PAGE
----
I am sorry, but I have to raise an alarm, the more so as I have been a subscriber to Chronicles since 1985 and know full well what to expect and require from the magazine. Bluntly put, what the heck has made you publish an unbearably long piece on an obscure and mediocre person who had been commander-in-chief of the Polish armed forces for decades and later ran Polish Communist Party and Poland for almost a decade, all this in Poland under Soviet dominance? (“Was Poland’s Notorious Communist Dictator Actually a Conservative?” by Michal Krupa, October 2020 Chronicles.)

While it is true that being a viceroy of a country, in this case [a foreign] country, is not an easy enterprise for that country’s citizen—he can prove a cynical traitor or one with some or many qualms—it is not enough to deserve attention of a reader of the magazine that has been at the forefront of examining the prevailing currents of both politics and a civil society in Western civilization (to quote from its mission statement). Perhaps, if in Mr. Jaruzelski’s lifetime one could find anything heroic, worth an absorbing epic film, he would be worth a piece. But it isn’t the case. Should I then believe that Chronicles readership is interested in occasionally obtaining articles on Soviet viceroys in Central and Eastern Europe? I bet nobody is, by the way me included, unless something really revealing can one find in such an article.

Indeed, the article’s topic is not only hardly interesting to the readers, it is also of unacceptably poor quality. To name Mr. Jaruzelski dictator implies that the author does understand the term. To equate to some extent Mr. Jaruzelski with Cardinal Wyszynski disqualifies the author.

Leopold Tyrmand [Chronicles founder, and a Polish expatriate anti-Communist] would turn in his grave if he read the article.

—Prof. Jacek Koronacki
Warsaw, Poland


Prof. Gottfried Replies:

Perhaps unlike Prof. Koronacki, I knew Leopold Tyrmand as a friend and neighbor and wrote regularly for Chronicles when it was being established as a force on the cultural right. I have no idea what Leopold would have thought of Mike Krupa’s article on General Wojciech Jaruzelski. We published Krupa’s article almost 40 years after Jaruzelski became Polish premier, and long after Leopold’s death. 

Jaruzelski took power at a time when there was danger of a direct and repressive Soviet control of the Polish state and Polish society. This arose in the wake of the rise of Solidarity as an opposition force to the communist dictatorship. What Krupa argues (and this argument is not original) is that Jaruzelski tried to avoid greater harm to his country by assuming the reins of power when he did. He held on as a political leader until 1989 and before leaving, arranged for Poland’s transition to a multiparty constitutional republic.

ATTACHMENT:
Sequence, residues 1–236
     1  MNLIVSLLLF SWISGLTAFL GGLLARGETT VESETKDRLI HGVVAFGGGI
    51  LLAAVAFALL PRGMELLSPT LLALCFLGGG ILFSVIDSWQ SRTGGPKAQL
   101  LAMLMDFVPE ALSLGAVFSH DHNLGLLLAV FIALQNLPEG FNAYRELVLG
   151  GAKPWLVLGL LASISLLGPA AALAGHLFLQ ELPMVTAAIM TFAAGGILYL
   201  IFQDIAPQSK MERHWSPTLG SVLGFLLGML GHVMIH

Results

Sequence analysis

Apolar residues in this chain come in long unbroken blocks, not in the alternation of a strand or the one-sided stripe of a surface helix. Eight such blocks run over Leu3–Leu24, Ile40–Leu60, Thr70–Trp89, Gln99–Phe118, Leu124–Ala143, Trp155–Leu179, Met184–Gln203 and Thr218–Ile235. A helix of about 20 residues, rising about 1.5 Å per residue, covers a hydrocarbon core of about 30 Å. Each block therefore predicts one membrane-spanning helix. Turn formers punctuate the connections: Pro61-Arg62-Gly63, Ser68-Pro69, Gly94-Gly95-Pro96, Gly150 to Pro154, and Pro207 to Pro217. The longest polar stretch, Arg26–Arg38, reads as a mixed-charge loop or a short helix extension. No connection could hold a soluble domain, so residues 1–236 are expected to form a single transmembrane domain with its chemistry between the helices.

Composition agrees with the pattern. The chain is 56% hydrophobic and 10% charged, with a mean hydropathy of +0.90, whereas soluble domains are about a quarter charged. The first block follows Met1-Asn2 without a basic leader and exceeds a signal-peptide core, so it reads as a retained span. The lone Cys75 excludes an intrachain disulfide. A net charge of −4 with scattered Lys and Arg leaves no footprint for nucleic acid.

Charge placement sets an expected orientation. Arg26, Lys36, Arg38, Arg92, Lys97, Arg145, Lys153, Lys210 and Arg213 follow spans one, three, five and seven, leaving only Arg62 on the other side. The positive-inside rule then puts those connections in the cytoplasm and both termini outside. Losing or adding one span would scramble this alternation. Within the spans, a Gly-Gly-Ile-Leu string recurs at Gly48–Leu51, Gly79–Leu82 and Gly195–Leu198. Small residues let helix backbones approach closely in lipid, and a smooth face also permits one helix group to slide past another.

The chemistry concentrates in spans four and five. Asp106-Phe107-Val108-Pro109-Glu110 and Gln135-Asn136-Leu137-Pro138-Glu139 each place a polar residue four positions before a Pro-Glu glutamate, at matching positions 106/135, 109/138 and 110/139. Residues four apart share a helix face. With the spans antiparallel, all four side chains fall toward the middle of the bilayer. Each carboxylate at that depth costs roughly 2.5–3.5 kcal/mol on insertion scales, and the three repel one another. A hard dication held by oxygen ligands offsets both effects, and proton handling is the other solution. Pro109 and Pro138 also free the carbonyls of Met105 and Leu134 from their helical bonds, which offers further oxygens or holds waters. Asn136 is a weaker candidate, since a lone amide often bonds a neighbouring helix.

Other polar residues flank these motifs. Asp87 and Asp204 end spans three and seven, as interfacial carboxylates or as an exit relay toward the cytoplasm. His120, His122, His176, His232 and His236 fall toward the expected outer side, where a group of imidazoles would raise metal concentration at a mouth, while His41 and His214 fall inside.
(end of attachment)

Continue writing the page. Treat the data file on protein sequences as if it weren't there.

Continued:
Prior to Jaruzelski’s death at the age of 90 in 2014, there were attempts to bring criminal proceedings against this retired leader, but all of them were abandoned, supposedly because of Jaruzelski’s age and failing health. Except for his imposition of martial law in 1981 in what were clouded circumstances, it is doubtful that there was much of a criminal case to be made against this man.

Krupa depicts Jaruzelski as someone who seized power in his country at a critical hour and who later handed it over to a parliamentary system. It is unclear why examining this taking and exercise of power, and of the man behind it, resulted in a Chronicles article of “unacceptably poor quality.” As I am a biographer of Carl Schmitt, a legal theorist who addressed the topic of “provisional dictatorship,” I found Krupa’s speculation to be right up my alley. 

Pace Professor Koronacki, Krupa does not “equate” Jaruzelski with Cardinal Wyszynski. Rather, he quotes Polish nationalist historian Adam Wielomski, who teaches at the Stefan Wyszyński University in Warsaw, and who is among the “conservative” defenders of the general. According to Wielomski and others of his school, Jaruzelski took over a thankless but necessary task when he declared martial law. Krupa shows that even Jaruzelski’s overt critics like Ronald Reagan understood the crisis he faced and the inevitability of his decision. Having lived through that period, I can find little in this interpretation to quarrel with.